Other entities. Enter your business name as shown on required federal 
tax documents on the “Name” line. This name should match the name \
shown on the charter or other legal document creating the entity. You 
may enter any business, trade, or DBA name on the “Business name/
disregarded entity name” line.
Exempt Payee 
If you are exempt from backup withholding, enter your name as 
described above and check the appropriate box for your status, then 
check the “Exempt payee” box in the line following the “Busines\
s name/
disregarded entity name,” sign and date the form.Generally, individuals (including sole proprietors) are not exempt fro\
backup withholding. Corporations are exempt from backup withholding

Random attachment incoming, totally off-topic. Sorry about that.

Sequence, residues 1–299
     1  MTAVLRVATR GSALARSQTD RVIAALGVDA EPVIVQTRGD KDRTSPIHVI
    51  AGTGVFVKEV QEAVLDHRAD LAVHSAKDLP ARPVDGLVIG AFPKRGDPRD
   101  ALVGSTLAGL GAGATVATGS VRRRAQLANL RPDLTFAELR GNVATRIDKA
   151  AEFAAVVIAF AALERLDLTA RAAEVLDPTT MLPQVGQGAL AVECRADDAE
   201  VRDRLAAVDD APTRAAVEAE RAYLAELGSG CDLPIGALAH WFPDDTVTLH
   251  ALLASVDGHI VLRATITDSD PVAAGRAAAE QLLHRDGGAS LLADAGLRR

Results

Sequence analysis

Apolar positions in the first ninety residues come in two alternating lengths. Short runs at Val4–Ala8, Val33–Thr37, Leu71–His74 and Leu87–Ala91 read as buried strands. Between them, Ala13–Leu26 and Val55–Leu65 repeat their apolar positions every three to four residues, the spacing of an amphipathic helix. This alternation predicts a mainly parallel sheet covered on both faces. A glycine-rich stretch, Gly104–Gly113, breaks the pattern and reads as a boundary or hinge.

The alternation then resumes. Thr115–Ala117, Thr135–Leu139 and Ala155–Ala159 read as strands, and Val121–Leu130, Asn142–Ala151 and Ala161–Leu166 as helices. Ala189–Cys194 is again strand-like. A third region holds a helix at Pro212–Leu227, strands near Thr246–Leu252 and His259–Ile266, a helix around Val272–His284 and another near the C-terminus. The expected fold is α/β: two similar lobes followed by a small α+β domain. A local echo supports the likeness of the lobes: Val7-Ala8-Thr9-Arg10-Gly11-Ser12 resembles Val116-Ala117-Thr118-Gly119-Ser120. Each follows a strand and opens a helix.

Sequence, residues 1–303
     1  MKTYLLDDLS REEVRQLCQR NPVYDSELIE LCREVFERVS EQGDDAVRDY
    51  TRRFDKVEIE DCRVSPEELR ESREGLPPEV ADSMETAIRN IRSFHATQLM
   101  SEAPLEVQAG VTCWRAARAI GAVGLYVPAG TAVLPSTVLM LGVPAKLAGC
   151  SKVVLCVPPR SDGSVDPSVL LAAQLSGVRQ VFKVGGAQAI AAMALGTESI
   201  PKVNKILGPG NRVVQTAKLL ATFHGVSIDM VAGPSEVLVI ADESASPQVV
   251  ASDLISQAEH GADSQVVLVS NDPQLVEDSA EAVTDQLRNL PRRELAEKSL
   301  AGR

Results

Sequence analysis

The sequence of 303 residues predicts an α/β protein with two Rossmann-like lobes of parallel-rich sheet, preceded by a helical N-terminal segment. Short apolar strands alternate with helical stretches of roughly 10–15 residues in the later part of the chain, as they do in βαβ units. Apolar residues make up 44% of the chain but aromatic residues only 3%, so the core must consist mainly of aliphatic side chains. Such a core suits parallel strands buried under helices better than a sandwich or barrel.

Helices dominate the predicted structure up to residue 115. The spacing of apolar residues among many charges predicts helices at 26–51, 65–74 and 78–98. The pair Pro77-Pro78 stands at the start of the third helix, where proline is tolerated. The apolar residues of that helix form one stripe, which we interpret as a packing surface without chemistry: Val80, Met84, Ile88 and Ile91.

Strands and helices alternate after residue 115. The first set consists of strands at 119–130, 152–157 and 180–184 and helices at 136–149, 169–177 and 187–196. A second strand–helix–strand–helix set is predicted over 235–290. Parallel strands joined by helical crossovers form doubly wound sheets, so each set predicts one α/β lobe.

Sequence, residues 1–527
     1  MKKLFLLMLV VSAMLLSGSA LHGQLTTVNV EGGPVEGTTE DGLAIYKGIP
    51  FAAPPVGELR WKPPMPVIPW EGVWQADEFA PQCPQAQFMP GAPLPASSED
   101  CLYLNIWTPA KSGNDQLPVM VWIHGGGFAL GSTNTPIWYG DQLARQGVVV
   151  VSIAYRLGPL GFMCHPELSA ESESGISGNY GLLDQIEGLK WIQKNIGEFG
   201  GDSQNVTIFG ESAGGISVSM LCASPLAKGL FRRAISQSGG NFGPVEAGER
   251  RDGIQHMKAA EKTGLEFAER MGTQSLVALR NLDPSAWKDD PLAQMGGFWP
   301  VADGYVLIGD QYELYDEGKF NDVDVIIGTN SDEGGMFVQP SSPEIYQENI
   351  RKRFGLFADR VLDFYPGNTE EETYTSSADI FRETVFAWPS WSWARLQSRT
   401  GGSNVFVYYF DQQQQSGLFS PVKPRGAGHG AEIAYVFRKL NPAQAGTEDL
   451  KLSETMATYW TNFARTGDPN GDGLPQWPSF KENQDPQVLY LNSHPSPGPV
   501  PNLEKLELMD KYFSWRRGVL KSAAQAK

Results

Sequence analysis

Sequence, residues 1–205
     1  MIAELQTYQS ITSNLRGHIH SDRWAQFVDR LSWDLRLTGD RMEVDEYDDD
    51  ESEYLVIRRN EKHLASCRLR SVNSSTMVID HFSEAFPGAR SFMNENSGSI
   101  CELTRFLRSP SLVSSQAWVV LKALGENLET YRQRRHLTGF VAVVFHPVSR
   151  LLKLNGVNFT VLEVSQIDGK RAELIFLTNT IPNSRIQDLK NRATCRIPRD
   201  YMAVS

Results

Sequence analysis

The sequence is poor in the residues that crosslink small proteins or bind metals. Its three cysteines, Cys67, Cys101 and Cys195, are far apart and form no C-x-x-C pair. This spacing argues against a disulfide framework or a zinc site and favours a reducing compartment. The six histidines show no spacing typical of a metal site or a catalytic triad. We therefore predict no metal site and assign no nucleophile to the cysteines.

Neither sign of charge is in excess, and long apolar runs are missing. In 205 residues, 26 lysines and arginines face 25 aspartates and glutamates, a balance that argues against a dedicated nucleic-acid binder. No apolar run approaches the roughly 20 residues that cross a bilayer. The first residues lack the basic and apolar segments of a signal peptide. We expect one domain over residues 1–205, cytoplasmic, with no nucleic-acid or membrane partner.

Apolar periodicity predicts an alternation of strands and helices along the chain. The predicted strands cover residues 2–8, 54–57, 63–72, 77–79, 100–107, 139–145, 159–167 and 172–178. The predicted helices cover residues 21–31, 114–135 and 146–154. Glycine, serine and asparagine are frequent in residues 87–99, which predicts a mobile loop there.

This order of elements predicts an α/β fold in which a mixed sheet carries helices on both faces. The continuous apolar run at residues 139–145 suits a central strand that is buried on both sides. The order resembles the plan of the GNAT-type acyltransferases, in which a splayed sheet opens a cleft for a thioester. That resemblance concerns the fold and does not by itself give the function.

for certain payments, such as interest and dividends.
Note. If you are exempt from backup withholding, you should still 
complete this form to avoid possible erroneous backup withholding.
The following payees are exempt from backup withholding:
1. An organization exempt from tax under section 501(a), any IRA, or a\
custodial account under section 403(b)(7) if the account satisfies t\
requirements of section 401(f)(2),
2. The United States or any of its agencies or instrumentalities,
3. A state, the District of Columbia, a possession of the United States,\
or any of their political subdivisions or instrumentalities,
4. A foreign government or any of its political subdivisions, agencies, \
or instrumentalities, or
5. An international organization or any of its agencies or 
Other payees that may be exempt from backup withholding include:
6. A corporation,
7. A foreign central bank of issue,
8. A dealer in securities or commodities required to register in the 
United States, the District of Columbia, or a possession of the United